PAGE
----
Weekly Outlook: Jul 19 — Jul 23: ECB to Keep Stimulus Flowing, RBA Minutes and Prel. PMIs

JFD Brokers
6 min readJul 19, 2021


This week’s calendar looks much lighter than the previous’ one, with only one central bank deciding on monetary policy, the ECB. Taking into account the subdued core inflation rate, the dovish remarks by several policymakers, and the change in their inflation objective, we believe that the Bank will highlight once again the need for extra-loose policy for longer. The RBA minutes and the preliminary PMIs from the Eurozone, the UK and the US, are also on this week’s agenda.

Monday is a light day in terms of economic data and releases. The only item on the agenda worth mentioning is a speech by BoE MPC member Jonathan Haskel. Last week, BoE member Michael Saunders said that economic activity has recovered a bit faster than forecast in May and that it may become appropriate fairly soon to withdraw some stimulus. His comments came after both the headline and core UK CPI rates for June rose more than expected, something that may have prompted some policymakers to change their mind with regards to the near-term future of monetary policy. If Haskel shares a similar view, this could encourage some pound buying as it may increase speculation for a sooner-than-expected action by the BoE, despite officials noting at the latest meeting that they do not want to undermine the recovery by premature tightening. Having said all that though, we prefer to exploit any possible pound gains against the Australian and Canadian dollars. As we noted last week, the Aussie may continue performing poorly due to a dovish RBA, while the Loonie could also underperform, after the BoC appeared less hawkish than anticipated.

On Tuesday, during the Asian session, the RBA releases the minutes of its latest meeting, when it announced that it will proceed with more bond purchases, beyond September, adding that they will reevaluate things in November. Officials also said that they are planning to keep interest rates at current levels until 2024, in contrast to the RBNZ, which some expect to hike as soon as this August. With that in mind, we don’t believe that the minutes of the meeting can paint a different picture. They may just confirm the Bank’s dovish approach, something that could encourage more Aussie-selling, especially against the Kiwi.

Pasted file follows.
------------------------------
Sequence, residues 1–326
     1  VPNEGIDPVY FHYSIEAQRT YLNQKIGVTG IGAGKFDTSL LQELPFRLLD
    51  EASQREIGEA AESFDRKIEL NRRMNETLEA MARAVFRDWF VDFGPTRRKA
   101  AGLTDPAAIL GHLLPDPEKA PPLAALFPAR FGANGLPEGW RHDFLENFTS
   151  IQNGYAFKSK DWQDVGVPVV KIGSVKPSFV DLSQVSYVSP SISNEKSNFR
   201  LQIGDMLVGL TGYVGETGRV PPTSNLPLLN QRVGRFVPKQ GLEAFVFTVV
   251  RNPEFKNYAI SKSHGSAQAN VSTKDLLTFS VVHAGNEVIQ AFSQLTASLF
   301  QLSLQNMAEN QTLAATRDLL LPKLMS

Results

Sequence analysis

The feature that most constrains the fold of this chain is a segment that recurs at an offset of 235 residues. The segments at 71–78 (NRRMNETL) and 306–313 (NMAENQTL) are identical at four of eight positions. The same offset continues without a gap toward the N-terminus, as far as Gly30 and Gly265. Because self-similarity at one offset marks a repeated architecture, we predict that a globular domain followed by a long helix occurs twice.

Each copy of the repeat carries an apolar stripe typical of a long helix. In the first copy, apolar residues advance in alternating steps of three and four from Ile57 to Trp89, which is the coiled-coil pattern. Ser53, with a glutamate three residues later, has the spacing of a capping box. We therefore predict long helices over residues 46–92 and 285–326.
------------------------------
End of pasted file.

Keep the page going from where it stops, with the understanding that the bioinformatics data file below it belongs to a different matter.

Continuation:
As for Tuesday’s data, during the Asian session, besides the RBA minutes, we also have Japan’s National CPIs for June. No forecast is available for the headline rate, while the core one is expected to just tick up to +0.2% yoy from +0.1%. Later in the day, the US housing starts and building permits for June are due to be released, with both expected to have increased somewhat.

Wednesday’s calendar is light as well, with the only item worth mentioning being Australia’s preliminary retail sales, which are forecast to have slid 0.5% mom after increasing 0.4%.

On Thursday, we have the main event of the week, and this is the ECB monetary policy decision. At their latest meeting, policymakers of this central bank kept all their policy settings unchanged, noting that the PEPP (Pandemic Emergency Purchase Programme) will continue to run at a “significant higher pace”. The Bank raised its 2021 and 2022 GDP and inflation forecasts, but at the press conference following the decision, ECB President Lagarde clarified that headline inflation will remain below target over the forecast horizon. She admitted that they were somewhat more optimistic about the economic outlook than three months ago, but highlighted that the decision statement was unanimously supported, suggesting that tapering was not on any official’s mind at the moment.